Racial disparities are particularly pronounced in cocaine sentencing. As part of the Anti- Drug Abuse Act of 1986, Congress ignored empirical evidence and created a 100-to-1 disparity between the amounts of crack and powder cocaine required to trigger certain mandatory minimum sentences. In fact, crack and powder cocaine are simply two forms of the same drug, and the only difference between them is that crack includes the addition of baking soda and heat. As a result of Congress’s inaccurate perception of differences in the harmfulness and dangerousness between crack and powder cocaine, sentences for offenses involving crack cocaine were made much longer than those for offenses involving the same amount of powder cocaine. Thus, for example, someone convicted of an offense involving just five grams of crack cocaine was subject to the same five-year mandatory minimum federal prison sentence as someone convicted of an offense involving 500 grams of powder cocaine; and
The 100-to-1 ratio resulted in vast unwarranted racial disparities in the average length of sentences for comparable offenses because the majority of people arrested for crack offenses are Black. By 2004, under the 100-to-1 disparity, Blacks served virtually as much time in prison for a nonviolent drug offense (58.7 months) as whites did for a violent offense (61.7 months). In 2010, 85 percent of the 30,000 people sentenced for crack cocaine offenses under the 100-to-1 regime were African- American; and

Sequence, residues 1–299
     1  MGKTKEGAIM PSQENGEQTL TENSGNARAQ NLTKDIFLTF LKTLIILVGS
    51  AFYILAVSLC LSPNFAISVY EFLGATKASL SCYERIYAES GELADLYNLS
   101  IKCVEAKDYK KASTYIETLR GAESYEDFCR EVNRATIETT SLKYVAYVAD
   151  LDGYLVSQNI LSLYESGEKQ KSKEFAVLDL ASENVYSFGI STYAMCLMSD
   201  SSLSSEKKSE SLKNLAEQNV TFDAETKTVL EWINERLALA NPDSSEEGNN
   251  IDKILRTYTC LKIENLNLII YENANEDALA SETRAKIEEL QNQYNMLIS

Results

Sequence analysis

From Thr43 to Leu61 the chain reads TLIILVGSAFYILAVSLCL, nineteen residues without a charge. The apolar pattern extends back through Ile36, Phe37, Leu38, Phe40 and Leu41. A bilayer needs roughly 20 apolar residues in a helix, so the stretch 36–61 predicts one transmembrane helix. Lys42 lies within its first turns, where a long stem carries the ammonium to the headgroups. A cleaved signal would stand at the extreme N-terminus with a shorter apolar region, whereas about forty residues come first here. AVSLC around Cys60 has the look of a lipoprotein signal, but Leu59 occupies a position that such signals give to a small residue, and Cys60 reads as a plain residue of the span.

In the past five years, the United States Sentencing Commission has made two adjustments to the federal Sentencing Guidelines that reduced, though did not eliminate, the unfounded sentencing disparity between crack and powder cocaine offenses in the Guidelines. First, in 2007, the Sentencing Commission amended the Sentencing Guidelines by lowering the sentencing ranges for most crack cocaine offenses and applied the new guidelines retroactively; and